By Lisa Wells, RN
Although human growth hormone does not cure AIDS or HIV, there is some evidence that it may lengthen the life of AIDS patients.
The increase in lean body mass may make the AIDS patient less vulnerable to infections. When given with antiviral agents such as AZT, human growth hormone did not cause any increase in the amount of HIV. In fact, human growth hormone has been shown to stimulate the formation of new red blood cells, which are depleted by AZT.
Even more exciting, human growth hormone also appears to reduce the incidence of AIDS associated infections, such as polycystic pneumonia and Kaposi's sarcoma. It can rejuvenate the immune system; if it can actually strengthen the ability of HIV+ patients to resist infectious diseases it may improve both the quality and the quantity of their lives.
Recombinant human growth hormone is being used with success to reverse the weight loss seen in later stage AIDS, called wasting.
Wasting is different than the loss of weight and fat that comes from under eating, this wasting also occurs in later stages of cancer. It is the unintentional loss of weight in which the lean muscle, the body mass, the bones and the body organs are all withering away.
Many experts believe this loss of lean body mass contributes to immune dysfunction and makes it harder for AIDS patients to fight off life-threatening infections. The wasting process itself, if it goes beyond about 33% of ideal body weight, is incompatible with life as was seen in concentration camp victims of World War II.
A number of medical centers took part in a study of 178 patients with AIDS-associated wasting, which is defined as having lost at least 10% of body weight. The patients who received growth hormone therapy gained an average of 6.6 pounds of lean body mass while losing an average of three pounds of fat after three months of treatment. The therapy also resulted in an improvement of their endurance and quality of life.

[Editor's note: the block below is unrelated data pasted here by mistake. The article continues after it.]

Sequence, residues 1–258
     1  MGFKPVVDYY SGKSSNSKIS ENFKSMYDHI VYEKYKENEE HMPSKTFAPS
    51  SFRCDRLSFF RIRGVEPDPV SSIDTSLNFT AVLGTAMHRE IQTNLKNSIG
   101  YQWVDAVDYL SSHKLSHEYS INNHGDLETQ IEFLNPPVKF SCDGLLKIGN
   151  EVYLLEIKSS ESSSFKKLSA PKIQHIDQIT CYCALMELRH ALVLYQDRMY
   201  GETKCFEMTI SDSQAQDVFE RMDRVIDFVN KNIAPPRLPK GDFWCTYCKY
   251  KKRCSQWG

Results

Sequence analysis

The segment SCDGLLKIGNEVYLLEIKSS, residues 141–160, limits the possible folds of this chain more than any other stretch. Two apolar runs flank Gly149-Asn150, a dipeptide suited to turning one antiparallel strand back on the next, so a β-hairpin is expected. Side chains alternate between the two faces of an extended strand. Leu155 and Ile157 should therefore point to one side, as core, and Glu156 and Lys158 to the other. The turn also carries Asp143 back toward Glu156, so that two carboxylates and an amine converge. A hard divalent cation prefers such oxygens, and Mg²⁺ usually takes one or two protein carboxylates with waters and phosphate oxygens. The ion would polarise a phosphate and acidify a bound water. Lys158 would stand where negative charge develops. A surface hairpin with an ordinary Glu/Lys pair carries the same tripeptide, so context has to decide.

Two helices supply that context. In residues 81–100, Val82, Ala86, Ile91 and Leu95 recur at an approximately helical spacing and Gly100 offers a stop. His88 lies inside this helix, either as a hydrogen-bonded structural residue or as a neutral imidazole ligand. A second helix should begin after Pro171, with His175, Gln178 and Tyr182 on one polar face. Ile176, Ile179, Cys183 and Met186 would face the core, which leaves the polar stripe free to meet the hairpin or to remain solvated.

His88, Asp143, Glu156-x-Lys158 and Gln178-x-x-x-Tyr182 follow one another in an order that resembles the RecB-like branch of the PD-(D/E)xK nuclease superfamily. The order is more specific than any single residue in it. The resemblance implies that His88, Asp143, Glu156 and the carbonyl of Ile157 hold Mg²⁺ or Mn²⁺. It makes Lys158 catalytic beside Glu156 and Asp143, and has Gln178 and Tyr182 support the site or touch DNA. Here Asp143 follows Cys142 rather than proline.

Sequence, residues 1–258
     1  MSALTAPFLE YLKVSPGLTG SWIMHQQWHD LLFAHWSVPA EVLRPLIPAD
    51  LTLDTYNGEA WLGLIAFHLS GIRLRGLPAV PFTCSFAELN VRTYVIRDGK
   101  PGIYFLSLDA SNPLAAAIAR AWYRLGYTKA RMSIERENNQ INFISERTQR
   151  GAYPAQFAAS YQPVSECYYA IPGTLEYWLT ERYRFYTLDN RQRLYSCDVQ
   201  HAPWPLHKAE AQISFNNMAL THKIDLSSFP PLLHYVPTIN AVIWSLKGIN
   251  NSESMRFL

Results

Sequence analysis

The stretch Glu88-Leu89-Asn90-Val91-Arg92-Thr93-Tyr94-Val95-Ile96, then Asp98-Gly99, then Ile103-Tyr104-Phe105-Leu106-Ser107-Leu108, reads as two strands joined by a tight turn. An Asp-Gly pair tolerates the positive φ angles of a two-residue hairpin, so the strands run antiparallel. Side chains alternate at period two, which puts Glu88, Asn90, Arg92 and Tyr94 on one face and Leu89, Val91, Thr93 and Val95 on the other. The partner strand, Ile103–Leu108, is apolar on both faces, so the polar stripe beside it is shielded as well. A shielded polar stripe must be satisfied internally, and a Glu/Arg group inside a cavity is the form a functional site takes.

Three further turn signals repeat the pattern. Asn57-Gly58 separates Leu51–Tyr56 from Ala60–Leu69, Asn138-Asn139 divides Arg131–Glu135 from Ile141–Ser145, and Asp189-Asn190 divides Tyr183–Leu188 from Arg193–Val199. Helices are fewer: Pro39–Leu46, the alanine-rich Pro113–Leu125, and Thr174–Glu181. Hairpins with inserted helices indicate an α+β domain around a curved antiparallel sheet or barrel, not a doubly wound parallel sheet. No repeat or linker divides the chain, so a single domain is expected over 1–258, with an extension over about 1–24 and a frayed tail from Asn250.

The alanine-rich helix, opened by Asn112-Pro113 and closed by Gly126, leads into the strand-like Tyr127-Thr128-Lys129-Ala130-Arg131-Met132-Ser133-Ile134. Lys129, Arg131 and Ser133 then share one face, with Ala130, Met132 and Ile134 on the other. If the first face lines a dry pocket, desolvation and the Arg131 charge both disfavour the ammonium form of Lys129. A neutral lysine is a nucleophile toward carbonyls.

Dr. Schambelan, of UCSF says:
"At the moment there isn't another therapy in the late stages of AIDS that has had this kind of effect on the lean body mass. There are therapies that can increase weight, such as an appetite stimulant called megestroacetate, but that weight gain tends to be primarily fat. The advantage of growth hormone is that it causes lean body mass to increase."
Dr. Schambelan says that some of the patients are still coming in, even though the original study ended three years ago.
"Obviously these are the people who are still alive and doing well and the people who didn't do well are no longer there, so you can't talk about the average effect."
I think that the anecdotal experience is that for the people who continue to take the drug, who continue to eat, and don't get serious opportunistic infections, they have had a very robust response. The medication has increased the benefits. The gain in lean body mass they had in their three months of the study has doubled or tripled over the next year or two."
There has been some concern that HGH use in AIDS patients might stimulate the HIV virus to replicate. However, recent evidence suggests that individuals who add growth hormone to their anti-viral therapy are likely to experience a small drop in viral load.
Other concerns include increased insulin resistance and glucose intolerance. A clinical study at the University of California at San Francisco was done by Dr. Joan C. Lo et al. The study investigated the effects of low dose growth hormone in HIV-infected men. They found that 1 mg per day increased lean body mass and decreased fat without significant changes in glucose tolerance or insulin sensitivity.
Of course any HIV+ person considering HGH therapy should consult their private healthcare provider.
Yin, Michael T, Glesby, Marshall J, "Recombinant Human Growth Hormone Therapy in HIV-Associated Wasting and Visceral Adiposity, Expert Review of Anti-Infective Therapy," 2005, 3:5, 727-738.
Lo, Joan C, Mulligan, Kathleen, Noor, Mustafa A, Lee, Grace A, et al, "The Effects of Low-Dose Growth Hormone in HIV-Infected Men with Fat Accumulation: A Pilot Study," Clinical Infectious Diseases, Volume 39, Issue 5, 1 September 2004, Pages 732–735.